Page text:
40,000 small molecules docked to 10 proteins using DockIt with results stored in a standard Thor/Merlin database.
: fast distance-geometry-based docking
Robust program designed for production work
Analytical DOCK solution
Fastest distance-geometry-based docking program yet
Three scoring functions: DOCK, PMF, PLP
New Metaphorics product
One protein, 1hpv, was selected "on purpose"
Others selected randomly from ~150 known protein-ligand structures
1add 1ela 1hpv 1hyt 1rbp 1rds 1swd 2cbr 3cla 4hvp
Small & large, simple & complex, well-known & obscure, one pair
bound to ligands
(which were also docked)
40,000 small molecules
Database of diverse compounds intended for screening
Well-formed data, e.g., isomers, salt data
Plated samples are available from InterBioscreen
Freely available as Thor database
10 by 40,000 by 100 trials each makes 40,000,000 dockings
Done on 240/256 R12000 processor SGI/Cray supercomputer
CEX used for communication between programs
Results as CEX objects converted to Thor datatrees
Concensus pick: ~400,000 conformations
Thor: $D3D-rooted subtrees contain scores, rms, etc.
Merlin: SMILES/conformation rows, 3-D data not in pool
Rasmol: widely used, free visualization program, local "expert"
How many structures/dockings does it take to generate interesting results? Is 40,000 not enough, enough, more than enough?
Are some proteins very specific and some promiscuous, or more-or-less the same?
Are some small molecules very specific and some promiscuous, or more-or-less the same?
Do current (faddish?) scoring functions produce sensible results?
Is RMS a sensible gold standard?
Does consensus scoring make sense?
Does DockIt/docking eliminate obvious losers?
Does DockIt/docking find known binders?
Can "normal" informatics be wrapped around docking data?
Are generic communication (CEX, XML) protocols suitable for production work?
Is DockIt ready for prime-time?
Do you need DockIt in your shop?
Project started less than a month ago, done in a couple weeks!
Started with a close-to-production CEX-talking DockIt, production Daylight small-molecule database and DBMS software, etc.
Would have taken a long time on our machines (45 days / many months). Even using local compute resources (NCGR) would have taken ~9 days, we would have been hard-pressed to get it onto CD-ROM by MUG.
SGI generously provided time on a brand new (-1 week old) 256 R12000 processor machine. Compute time using ~240 of the CPUs was less than 24 hours.
Access to the machine needed to be via private SGI network, so Scott camped out at the SGI sales office in Portland and got it done.
The result set was ~54 GB. Getting the results backed out and transferred was as difficult and time-consuming as everything else combined.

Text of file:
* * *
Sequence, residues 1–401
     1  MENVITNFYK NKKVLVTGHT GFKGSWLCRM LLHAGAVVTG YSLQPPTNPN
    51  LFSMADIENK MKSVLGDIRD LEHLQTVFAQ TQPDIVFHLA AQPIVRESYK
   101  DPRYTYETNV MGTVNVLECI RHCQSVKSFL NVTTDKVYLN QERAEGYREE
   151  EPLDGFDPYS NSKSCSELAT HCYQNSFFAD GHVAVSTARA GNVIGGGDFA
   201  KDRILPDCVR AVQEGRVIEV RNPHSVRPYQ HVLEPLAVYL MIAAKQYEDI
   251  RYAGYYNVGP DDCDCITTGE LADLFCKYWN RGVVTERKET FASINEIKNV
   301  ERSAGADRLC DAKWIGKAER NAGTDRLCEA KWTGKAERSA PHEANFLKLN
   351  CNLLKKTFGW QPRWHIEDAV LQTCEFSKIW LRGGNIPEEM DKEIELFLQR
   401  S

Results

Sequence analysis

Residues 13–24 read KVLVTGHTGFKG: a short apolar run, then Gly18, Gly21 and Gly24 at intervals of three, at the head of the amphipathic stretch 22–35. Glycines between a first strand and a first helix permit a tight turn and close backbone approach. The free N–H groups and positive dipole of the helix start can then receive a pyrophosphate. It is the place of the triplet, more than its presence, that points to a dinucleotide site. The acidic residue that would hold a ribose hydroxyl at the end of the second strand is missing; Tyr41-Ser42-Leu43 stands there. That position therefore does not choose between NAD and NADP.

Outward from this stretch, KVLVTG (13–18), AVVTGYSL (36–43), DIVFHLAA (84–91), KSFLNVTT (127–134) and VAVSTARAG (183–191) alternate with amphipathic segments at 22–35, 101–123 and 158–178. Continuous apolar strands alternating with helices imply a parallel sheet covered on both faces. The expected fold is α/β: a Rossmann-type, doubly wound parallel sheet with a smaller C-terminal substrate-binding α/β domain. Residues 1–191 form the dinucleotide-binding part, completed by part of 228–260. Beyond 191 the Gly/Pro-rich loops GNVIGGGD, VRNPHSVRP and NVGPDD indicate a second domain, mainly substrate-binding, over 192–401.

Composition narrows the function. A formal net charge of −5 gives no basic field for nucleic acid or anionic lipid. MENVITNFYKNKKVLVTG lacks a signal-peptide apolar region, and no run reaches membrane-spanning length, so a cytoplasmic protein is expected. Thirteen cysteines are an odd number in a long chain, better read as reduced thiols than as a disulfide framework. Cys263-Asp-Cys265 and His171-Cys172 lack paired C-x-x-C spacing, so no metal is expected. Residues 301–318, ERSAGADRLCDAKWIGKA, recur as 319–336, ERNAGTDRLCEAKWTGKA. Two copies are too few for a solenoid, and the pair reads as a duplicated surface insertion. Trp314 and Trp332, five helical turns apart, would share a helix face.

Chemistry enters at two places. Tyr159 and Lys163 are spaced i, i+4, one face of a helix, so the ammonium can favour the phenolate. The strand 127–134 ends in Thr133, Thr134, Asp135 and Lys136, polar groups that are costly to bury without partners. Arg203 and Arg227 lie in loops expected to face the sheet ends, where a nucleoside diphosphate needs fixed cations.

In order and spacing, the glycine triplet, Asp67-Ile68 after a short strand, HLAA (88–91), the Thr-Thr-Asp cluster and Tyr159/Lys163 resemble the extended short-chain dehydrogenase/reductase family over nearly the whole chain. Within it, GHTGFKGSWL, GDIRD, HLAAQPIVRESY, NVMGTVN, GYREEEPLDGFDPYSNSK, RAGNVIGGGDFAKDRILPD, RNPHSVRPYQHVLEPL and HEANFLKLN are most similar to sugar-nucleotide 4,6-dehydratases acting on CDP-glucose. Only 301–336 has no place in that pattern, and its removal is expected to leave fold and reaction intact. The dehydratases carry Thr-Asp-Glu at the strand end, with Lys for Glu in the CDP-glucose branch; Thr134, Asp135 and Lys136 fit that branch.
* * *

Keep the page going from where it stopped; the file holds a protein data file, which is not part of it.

Reduction of the data to Thor/Merlin database format was relatively easy: done in a day.
CD-ROMs are available now.
10 proteins as bound to ligands
10 ligands as bound to proteins
lowest RMS docking of 10 ligands to their proteins
consensus docking of 38,123 small molecules to each of 10 proteins
heavy atom count
RMS for bindings
DOCK, PMF and PLP scores for dockings
docking consensus score (and ranks)
docked-to and bound-to IDs
m4x10x40k database contents:
38,143 SMILES-rooted datatrees, 10 are proteins: 10 are observed ligands, the rest (38,123) are from bioscr99sc.
381,113 conformation-rooted subtrees: 20 are bindings, the rest (381,093) are dockings,
381,103 sets of DOCK, PMF, PLP & consensus scores
m4x10x40k database sizes:
m4x10x40k.DP, biggest file
all database files
merlin pool (3,620,250 dataitems)
merlin total, including overhead
Docking informatics is definitely doable.
However, this represents a big change from how things are currently done.
Handling 10's of GB's of data is work, but not "rocket science".
Modern disks have enough capacity.
Daylight DBMS works fine with proteins.
Proteins are just big molecules!
(Most are not really so big, at that.)
Almost no changes were needed to the Thor/Merlin system.
CEX makes such informatics possible.
CEX could be faster
XML might work if it came of age
Pushing around 40,000,000 PDBs would not have been reasonable
DockIt is ready for production
DockIt definitely cranks.
Scale up is not a factor: large-scale performance is within a few percent of predictions.
Can expect to complete large jobs w/o crashes, blowups, etc.
Automated sphere generation (sphinx) and refinement (sublime) are 90% but not 100% ... yet.
We still have the choice between best (with H's) or fast (without H's), but not "best and fast" at the same time.
Lots of interesting dockings crop up
Could these strange and wonderful scaffolds really work?
The current crop of scoring functions aren't wonderful.
Size bias. Surprisingly expensive. False positives.
Between-molecule scoring comparisons are non-intuitive.
The three scoring functions provided with DockIt are very different from each other. In so far as they represent the current world-range in scoring, these three are about as good as one can do.
Between-molecule consensus scoring has practical (rather than theoretical) merit.
Conformational consensus scoring seems to work well (e.g., among 100 docked conformations of the same molecule). However, that's not what most people want to know.
Tom Magdziarz, SGI, Mountain View
David Zirl, SGI, Mountain View
Tim Tomasi, SGI, Portland
Bill Durch, SGI, Chippewa Falls
Pete Wargo, NCGR, Santa Fe
Metaphorics Krewe, Santa Fe & Mission Viejo